Does this mean that the original is now the "masculine" version? This doesn't do much to combat the normalization of hegemonic masculinity, if girls are encouraged to use special version of previously gender neutral products. It also serves to separate boys' and girls' play, to segregate them.

Why is this increasing gender differentiation in toys happening? One reason I would suggest is that there is simply more money to be made in creating more versions of products which are tied to more aspects of an identity which is shaped through advertising. If boys and girls aren't going to play with the same toys anymore, then someone needs to buy them their own unique, personal versions of each toy.

Also, take a look at these Nintendo DS titles. Who do you think they are for?

This goes really well with the Massoni article- what kinds of occupations are being presented as viable/desirable for girls? How realistic is it? How limiting for how we encourage girls to approach the world of work?

Finally, I also recommend this column on Jezebel today about the problem with Black Barbies- how inclusion doesn't include everyone.

I would really love to hear from you guys in your blogs. What kinds of critical readings of race, class and gender can you do of some contemporary media?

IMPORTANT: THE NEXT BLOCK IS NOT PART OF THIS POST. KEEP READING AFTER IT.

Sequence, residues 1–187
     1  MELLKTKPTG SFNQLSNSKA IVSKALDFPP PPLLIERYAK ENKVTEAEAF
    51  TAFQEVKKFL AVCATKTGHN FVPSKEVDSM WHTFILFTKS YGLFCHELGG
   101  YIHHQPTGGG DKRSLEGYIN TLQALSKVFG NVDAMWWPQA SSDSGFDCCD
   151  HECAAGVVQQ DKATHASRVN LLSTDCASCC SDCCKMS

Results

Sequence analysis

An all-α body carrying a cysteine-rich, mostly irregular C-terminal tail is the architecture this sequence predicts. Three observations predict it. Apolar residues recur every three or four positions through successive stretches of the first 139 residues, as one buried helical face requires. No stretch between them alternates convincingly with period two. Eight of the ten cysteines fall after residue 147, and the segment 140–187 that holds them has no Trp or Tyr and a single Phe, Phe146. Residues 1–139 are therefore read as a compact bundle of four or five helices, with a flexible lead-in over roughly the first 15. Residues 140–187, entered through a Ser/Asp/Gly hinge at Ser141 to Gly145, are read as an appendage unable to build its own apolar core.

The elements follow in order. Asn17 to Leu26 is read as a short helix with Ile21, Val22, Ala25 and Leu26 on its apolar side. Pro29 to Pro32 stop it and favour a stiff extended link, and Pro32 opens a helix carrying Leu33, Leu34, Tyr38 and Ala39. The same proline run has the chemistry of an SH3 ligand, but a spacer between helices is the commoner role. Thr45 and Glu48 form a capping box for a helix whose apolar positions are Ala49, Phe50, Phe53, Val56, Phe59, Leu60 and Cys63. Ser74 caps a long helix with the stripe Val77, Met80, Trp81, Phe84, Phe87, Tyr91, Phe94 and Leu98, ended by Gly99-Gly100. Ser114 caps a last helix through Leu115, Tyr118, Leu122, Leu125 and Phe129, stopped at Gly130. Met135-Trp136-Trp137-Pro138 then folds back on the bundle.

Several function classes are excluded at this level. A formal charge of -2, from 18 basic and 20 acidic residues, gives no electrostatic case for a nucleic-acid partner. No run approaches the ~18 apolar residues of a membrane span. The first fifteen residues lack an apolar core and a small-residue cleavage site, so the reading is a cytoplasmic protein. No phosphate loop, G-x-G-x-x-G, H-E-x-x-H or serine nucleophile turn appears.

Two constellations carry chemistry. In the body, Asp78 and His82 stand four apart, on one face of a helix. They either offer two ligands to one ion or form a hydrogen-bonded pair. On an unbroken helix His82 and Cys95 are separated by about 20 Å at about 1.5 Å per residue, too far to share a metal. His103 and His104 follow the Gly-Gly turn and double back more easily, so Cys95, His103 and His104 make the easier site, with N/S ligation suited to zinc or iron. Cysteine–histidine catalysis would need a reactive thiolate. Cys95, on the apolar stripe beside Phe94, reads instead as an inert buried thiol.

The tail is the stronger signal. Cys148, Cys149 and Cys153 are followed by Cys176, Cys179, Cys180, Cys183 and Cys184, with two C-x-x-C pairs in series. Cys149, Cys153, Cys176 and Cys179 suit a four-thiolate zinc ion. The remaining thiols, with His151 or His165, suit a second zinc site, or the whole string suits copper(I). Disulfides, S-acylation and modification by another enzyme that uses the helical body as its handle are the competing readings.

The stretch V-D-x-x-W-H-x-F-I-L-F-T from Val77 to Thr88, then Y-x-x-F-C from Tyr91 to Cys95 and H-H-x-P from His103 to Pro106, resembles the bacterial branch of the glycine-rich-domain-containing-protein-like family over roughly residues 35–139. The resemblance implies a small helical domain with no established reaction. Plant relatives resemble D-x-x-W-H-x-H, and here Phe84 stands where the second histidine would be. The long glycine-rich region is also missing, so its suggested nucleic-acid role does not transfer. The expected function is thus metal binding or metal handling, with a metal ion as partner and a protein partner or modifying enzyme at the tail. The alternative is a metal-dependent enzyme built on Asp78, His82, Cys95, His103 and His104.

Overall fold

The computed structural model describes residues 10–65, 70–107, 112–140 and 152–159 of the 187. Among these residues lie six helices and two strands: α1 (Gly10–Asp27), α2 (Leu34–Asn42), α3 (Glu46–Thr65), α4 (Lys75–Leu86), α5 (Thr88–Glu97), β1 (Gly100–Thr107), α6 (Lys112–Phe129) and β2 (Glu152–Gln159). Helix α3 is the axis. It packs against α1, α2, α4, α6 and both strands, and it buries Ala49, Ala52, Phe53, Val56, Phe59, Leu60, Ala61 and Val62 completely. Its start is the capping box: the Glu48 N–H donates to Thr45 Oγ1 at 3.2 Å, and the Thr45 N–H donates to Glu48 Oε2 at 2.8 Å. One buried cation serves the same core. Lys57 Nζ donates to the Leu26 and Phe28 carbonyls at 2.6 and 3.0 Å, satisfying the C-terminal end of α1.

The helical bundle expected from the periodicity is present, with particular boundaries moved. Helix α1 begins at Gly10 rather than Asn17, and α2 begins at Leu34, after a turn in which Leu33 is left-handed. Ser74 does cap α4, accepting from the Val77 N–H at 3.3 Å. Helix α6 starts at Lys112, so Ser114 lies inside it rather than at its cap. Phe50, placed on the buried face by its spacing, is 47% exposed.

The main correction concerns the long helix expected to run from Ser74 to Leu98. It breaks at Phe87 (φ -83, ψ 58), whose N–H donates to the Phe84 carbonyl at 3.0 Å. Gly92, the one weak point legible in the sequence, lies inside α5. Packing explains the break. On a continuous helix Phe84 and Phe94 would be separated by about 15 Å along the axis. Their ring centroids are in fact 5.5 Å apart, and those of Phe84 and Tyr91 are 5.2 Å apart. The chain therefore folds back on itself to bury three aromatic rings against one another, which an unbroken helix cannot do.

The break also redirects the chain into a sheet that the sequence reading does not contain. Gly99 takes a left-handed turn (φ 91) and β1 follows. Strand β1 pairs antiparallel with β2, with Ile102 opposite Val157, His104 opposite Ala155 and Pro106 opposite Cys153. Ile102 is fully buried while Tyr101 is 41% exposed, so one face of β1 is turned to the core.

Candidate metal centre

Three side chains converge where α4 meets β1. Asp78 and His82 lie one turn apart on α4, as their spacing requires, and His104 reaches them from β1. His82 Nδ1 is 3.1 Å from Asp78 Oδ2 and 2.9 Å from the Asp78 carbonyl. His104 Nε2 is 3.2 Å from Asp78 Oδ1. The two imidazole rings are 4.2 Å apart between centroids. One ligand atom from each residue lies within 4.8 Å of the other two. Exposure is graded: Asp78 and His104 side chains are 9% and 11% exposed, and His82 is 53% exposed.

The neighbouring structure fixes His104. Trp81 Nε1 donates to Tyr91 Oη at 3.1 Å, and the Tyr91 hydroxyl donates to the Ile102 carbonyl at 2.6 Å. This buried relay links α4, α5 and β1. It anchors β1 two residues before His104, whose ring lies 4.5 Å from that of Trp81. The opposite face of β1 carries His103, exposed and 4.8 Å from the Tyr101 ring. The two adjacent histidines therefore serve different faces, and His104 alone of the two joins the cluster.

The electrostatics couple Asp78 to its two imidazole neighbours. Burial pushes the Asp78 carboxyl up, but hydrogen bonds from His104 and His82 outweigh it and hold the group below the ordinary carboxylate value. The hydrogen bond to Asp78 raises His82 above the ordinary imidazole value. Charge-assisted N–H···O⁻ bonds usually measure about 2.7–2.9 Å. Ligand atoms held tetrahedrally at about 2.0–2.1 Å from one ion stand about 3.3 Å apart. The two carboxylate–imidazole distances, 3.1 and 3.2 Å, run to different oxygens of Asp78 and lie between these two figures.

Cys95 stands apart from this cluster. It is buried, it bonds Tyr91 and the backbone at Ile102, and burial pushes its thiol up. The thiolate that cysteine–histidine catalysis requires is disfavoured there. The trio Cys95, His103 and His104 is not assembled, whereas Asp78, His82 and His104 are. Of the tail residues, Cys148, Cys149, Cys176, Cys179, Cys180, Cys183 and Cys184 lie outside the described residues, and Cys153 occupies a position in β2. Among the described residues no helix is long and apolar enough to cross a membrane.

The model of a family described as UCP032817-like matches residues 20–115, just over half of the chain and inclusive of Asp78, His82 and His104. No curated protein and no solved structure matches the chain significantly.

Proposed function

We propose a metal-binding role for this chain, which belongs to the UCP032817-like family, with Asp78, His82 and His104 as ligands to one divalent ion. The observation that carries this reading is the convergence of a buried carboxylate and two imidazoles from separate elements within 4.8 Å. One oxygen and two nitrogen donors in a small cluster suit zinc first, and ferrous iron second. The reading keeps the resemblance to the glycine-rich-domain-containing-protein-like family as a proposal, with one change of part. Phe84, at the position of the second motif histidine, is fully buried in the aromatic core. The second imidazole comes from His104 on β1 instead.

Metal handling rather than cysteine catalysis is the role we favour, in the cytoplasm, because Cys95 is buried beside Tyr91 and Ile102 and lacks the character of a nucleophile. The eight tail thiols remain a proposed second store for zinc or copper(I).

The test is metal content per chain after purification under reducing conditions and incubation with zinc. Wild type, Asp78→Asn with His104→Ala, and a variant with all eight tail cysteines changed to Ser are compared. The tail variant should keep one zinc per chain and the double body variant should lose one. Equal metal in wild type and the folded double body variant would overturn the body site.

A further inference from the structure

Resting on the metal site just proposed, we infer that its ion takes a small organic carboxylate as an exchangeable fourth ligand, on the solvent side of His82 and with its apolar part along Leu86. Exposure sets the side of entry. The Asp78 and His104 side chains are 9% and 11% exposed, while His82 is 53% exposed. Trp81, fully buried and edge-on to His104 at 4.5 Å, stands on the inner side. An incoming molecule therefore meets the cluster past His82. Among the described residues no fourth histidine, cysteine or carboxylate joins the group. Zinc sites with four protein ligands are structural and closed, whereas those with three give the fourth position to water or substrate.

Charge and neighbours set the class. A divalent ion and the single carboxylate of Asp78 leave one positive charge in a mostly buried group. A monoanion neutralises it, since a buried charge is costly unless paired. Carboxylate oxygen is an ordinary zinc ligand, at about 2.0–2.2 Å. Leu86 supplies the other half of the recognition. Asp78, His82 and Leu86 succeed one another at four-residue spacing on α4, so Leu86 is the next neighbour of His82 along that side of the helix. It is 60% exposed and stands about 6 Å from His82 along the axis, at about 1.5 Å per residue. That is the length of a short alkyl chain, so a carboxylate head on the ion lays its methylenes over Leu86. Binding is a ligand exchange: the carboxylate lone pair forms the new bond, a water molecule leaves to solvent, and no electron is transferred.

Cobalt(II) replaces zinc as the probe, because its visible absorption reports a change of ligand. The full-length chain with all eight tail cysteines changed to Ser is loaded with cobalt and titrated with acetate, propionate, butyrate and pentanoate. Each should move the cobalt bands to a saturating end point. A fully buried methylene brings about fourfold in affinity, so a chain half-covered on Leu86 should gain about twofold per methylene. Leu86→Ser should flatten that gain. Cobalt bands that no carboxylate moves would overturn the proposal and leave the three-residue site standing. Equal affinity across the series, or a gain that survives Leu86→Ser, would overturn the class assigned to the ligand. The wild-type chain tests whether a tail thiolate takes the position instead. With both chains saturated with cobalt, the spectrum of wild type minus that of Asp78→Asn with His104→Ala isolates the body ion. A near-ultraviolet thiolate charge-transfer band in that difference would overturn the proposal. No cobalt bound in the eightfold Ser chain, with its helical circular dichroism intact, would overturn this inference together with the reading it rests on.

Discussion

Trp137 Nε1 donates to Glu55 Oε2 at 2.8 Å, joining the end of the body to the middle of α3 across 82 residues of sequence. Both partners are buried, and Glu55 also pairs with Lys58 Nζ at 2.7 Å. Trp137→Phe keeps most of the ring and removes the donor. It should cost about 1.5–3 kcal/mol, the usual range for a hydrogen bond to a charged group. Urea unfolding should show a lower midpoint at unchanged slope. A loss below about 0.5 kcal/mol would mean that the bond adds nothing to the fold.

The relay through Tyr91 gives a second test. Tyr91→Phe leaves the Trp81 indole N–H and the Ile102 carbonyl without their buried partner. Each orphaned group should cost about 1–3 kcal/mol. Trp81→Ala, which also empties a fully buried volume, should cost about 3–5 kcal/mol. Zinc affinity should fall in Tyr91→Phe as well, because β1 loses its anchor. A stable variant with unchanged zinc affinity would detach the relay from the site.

(Images from various posts on Sociological Images.)

Thursday, December 3, 2009

In media conslidation news...

I wanted to call your attention to the newest potential big media merger making news. It looks like Comcast will be buying NBC. The Free Press is urging people to oppose the merger, with the argument that the merger will further hurt the public interest by severely limiting competition in the online video market by combining a major internet and cable provider with a major content provider. There is concern that this partnership will squeeze out entrants into the online video sphere, where it seems a lot of viewers are moving towards.

Friday, November 20, 2009

Palin on the cover of Newsweek

This week Newsweek is receiving a lot of criticism (from Sarah Palin and Fox News, mostly) for their use of this image of Sarah Palin on their cover:

Palin originally posed for this photo for a feature in Runner's World magazine, where it would seem more in context, though it still features some not-so-innocent ideological associations, from Palin's cheerleader-y stance, to the American flag next to her. On the cover of Newsweek, however, the choice of photo, critics say, is "sexist" and "demeaning." When presented alongside a critical story about her as "bad" for America, this presentation of her in short shorts, pigtails and with a smile seems intended to disempower her, make her out to be a joke.